Molecular dynamics simulations of alkaline earth metal ions binding to DNA reveal ion size and hydration effects†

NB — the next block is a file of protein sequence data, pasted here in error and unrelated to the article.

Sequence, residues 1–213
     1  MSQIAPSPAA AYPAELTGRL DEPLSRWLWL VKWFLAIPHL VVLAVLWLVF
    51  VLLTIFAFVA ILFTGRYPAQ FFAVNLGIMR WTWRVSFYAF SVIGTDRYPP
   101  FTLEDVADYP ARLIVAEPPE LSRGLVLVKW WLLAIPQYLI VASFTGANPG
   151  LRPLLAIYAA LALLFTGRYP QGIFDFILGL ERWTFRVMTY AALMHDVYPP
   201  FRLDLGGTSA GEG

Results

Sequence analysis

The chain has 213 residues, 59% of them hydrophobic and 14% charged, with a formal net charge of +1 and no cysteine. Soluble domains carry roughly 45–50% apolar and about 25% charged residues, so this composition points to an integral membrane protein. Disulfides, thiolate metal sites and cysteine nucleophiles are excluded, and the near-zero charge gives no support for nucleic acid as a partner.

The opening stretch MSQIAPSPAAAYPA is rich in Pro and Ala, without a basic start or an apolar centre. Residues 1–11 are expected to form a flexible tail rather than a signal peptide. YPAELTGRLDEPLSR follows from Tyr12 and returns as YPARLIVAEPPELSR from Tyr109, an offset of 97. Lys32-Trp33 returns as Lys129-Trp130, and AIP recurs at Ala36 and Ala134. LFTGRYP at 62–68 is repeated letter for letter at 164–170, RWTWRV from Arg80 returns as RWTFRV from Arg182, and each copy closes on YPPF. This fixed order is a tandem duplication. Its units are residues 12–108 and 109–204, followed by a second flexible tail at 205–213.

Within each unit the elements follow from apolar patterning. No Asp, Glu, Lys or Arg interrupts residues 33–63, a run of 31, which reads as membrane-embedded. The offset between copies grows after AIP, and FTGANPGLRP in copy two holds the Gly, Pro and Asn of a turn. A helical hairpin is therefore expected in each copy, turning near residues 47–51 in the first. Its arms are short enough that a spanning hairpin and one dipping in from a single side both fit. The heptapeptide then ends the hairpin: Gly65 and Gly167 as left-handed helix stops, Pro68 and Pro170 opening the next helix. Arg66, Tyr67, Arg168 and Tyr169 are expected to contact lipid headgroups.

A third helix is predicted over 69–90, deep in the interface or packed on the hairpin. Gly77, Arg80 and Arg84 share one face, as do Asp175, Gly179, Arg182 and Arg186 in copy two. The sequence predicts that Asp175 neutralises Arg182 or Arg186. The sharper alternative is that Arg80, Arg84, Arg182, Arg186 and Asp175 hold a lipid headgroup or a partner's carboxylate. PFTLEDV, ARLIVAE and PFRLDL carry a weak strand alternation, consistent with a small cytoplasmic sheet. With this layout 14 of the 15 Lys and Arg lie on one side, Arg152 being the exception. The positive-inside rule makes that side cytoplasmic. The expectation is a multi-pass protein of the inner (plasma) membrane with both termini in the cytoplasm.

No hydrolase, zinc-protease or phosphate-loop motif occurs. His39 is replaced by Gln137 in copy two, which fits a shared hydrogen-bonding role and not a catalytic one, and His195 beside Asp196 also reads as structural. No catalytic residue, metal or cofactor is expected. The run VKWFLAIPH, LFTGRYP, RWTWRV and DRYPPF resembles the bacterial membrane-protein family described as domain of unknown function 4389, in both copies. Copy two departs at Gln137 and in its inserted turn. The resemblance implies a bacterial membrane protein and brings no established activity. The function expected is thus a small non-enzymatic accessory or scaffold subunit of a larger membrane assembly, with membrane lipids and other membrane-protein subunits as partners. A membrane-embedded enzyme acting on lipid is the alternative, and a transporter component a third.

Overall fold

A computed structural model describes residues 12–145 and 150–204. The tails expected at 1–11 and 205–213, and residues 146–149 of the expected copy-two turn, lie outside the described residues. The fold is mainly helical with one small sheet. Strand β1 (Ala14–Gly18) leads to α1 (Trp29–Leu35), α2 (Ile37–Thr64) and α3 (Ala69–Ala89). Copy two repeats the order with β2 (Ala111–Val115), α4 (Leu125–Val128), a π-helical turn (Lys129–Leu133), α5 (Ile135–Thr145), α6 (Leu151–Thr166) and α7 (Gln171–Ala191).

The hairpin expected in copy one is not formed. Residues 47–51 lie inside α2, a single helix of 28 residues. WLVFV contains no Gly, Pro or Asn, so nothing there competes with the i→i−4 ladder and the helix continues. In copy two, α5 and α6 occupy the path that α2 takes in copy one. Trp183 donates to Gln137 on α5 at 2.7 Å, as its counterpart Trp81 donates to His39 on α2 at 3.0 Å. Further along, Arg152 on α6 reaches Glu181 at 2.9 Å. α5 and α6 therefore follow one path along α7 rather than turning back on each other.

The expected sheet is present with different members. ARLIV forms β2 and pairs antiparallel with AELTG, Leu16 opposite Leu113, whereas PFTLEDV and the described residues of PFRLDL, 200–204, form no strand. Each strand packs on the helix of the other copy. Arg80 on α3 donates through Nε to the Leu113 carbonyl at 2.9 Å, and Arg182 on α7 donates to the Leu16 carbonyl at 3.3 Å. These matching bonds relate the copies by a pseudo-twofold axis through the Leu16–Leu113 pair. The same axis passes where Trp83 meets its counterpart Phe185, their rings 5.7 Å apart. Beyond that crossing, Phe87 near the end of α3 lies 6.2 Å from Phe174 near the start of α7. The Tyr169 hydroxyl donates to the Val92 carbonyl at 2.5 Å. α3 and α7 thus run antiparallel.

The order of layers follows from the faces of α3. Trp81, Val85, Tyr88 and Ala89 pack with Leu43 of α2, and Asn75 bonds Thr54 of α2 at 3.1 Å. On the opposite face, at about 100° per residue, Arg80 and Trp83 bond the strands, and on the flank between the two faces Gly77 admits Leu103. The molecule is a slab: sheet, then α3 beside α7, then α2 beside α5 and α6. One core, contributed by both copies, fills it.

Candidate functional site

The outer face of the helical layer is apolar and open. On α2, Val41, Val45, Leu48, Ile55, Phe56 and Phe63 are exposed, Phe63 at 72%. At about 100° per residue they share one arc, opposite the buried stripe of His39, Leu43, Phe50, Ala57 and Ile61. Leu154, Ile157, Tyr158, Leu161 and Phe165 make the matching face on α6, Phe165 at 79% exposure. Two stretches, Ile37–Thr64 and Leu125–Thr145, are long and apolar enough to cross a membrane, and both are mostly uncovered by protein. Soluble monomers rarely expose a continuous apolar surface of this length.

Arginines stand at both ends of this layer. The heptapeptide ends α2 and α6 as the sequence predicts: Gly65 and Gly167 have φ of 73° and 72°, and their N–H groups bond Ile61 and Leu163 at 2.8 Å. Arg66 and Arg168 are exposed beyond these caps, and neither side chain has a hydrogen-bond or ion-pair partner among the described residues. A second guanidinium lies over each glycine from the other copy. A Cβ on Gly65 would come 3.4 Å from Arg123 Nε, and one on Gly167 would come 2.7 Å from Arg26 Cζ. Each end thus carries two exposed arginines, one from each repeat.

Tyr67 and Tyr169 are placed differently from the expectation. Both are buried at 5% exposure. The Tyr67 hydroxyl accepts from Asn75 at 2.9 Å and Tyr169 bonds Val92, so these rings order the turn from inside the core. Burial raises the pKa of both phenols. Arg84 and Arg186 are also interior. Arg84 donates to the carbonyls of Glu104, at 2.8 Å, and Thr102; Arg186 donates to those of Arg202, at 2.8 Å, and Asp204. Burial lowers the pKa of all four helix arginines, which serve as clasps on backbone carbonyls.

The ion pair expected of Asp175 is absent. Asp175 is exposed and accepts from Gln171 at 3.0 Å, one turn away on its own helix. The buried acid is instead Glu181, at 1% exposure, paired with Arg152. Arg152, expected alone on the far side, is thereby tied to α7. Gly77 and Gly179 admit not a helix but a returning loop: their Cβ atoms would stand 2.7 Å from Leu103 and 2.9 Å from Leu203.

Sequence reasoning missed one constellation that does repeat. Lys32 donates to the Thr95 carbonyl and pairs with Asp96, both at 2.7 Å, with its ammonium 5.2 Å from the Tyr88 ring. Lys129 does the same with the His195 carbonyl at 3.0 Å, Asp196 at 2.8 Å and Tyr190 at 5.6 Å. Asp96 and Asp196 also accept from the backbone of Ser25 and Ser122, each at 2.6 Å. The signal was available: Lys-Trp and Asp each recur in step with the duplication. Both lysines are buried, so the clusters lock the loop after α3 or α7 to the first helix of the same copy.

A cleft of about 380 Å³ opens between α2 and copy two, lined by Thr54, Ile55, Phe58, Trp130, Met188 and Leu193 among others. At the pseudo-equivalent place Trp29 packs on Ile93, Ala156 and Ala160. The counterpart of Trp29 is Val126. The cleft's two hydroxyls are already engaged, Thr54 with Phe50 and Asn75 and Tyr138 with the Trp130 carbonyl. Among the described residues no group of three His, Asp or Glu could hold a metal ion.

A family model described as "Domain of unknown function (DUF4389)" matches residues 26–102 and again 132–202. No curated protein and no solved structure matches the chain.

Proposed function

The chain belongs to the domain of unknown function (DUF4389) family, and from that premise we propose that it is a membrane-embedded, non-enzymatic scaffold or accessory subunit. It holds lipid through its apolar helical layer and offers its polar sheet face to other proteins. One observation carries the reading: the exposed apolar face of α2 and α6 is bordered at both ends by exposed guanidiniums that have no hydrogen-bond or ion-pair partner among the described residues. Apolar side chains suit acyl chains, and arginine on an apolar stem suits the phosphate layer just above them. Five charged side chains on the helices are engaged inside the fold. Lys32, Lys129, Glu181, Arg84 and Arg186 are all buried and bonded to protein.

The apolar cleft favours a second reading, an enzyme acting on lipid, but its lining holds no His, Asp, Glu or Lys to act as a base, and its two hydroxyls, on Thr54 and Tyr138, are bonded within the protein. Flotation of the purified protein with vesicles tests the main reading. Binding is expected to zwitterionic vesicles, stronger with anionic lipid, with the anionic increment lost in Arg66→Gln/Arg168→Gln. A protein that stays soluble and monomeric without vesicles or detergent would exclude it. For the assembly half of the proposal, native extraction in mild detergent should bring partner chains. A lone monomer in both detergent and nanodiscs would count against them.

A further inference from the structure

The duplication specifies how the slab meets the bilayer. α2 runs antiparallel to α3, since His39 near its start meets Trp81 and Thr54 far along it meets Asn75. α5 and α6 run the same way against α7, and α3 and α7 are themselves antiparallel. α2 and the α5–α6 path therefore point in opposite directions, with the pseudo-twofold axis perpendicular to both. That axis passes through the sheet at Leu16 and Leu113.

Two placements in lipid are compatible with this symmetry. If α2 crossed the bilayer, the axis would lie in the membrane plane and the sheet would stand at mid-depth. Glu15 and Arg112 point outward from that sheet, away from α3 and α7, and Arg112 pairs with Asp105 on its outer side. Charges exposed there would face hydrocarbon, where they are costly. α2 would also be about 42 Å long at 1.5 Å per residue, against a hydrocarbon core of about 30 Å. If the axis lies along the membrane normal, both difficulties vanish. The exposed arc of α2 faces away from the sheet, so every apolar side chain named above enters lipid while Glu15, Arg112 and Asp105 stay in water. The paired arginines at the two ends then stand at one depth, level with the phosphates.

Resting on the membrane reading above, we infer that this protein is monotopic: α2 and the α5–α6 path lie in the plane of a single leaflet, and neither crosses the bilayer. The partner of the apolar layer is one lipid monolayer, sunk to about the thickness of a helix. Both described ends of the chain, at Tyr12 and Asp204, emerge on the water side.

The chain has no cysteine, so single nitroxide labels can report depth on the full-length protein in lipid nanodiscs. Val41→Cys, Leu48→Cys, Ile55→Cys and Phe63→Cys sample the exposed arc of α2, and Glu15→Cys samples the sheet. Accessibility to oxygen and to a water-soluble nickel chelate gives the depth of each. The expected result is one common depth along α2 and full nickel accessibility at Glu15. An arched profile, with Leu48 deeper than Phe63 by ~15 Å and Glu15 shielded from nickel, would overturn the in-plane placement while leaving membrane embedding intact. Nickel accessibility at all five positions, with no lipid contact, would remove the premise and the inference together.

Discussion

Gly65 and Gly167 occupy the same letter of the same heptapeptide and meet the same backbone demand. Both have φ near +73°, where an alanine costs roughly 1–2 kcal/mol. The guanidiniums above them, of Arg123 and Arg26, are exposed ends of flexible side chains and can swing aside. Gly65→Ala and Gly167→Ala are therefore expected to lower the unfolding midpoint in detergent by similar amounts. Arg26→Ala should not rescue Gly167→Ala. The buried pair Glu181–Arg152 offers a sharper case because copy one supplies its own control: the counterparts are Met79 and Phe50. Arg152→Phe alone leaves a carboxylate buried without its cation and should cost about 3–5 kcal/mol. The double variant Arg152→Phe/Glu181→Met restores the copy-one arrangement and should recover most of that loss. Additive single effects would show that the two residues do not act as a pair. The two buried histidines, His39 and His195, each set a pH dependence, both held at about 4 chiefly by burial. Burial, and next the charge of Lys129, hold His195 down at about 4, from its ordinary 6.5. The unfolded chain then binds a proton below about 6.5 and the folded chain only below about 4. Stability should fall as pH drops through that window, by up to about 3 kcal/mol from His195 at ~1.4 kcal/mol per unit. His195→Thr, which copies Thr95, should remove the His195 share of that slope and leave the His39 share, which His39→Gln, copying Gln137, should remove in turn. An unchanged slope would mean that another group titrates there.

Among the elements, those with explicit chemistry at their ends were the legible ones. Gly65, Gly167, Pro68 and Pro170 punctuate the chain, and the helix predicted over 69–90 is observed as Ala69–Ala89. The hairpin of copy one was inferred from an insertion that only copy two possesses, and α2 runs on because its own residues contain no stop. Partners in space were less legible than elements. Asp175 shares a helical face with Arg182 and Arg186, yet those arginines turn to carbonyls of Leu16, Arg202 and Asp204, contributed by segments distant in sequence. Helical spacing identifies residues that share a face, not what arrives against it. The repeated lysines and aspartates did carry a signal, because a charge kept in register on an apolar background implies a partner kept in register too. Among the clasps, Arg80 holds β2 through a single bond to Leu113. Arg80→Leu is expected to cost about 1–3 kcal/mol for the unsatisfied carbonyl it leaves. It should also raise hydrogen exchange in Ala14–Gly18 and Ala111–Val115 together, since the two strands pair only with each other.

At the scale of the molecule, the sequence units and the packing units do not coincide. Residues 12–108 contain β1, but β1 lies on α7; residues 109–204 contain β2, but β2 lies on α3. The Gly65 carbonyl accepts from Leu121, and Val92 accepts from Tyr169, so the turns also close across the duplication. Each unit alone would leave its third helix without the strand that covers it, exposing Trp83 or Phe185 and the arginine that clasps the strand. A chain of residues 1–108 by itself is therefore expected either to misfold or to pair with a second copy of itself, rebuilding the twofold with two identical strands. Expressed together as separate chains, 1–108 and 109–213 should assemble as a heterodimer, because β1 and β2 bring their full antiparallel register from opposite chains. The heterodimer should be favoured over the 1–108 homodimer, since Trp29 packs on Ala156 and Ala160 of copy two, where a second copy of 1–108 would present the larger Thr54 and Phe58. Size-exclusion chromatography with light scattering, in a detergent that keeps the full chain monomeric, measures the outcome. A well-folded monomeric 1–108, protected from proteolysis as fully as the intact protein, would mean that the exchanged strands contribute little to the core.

The identity of metal ions surrounding DNA is key to its biological function and materials applications. In this work, we compare atomistic molecular dynamics simulations of double strand DNA (dsDNA) with four alkaline earth metal ions (Mg2+, Ca2+, Sr2+, and Ba2+) to elucidate the physical interactions that govern DNA–ion binding. Simulations accurately model the ion–phosphate distance of Mg2+ and reproduce ion counting experiments for Ca2+, Sr2+, and Ba2+. Our analysis shows that alkaline earth metal ions prefer to bind at the phosphate backbone compared to the major groove and negligible binding occurs in the minor groove. Larger alkaline earth metal ions with variable first solvation shells (Ca2+, Sr2+, and Ba2+) show both direct and indirect binding, where indirect binding increases with ion size. Mg2+ does not fit this trend because the strength of its first solvation shell predicts indirect binding only. Ions bound to the phosphate backbone form fewer contacts per ion compared to the major groove. Within the major groove, metal ions preferentially bind to guanine–cystosine base pairs and form simultaneous contacts with the N7 and O6 atoms of guanine. Overall, we find that the interplay among ion size, DNA–ion interaction, and the size and flexibility of the first solvation shell are key to predicting how alkaline earth metal ions interact with DNA.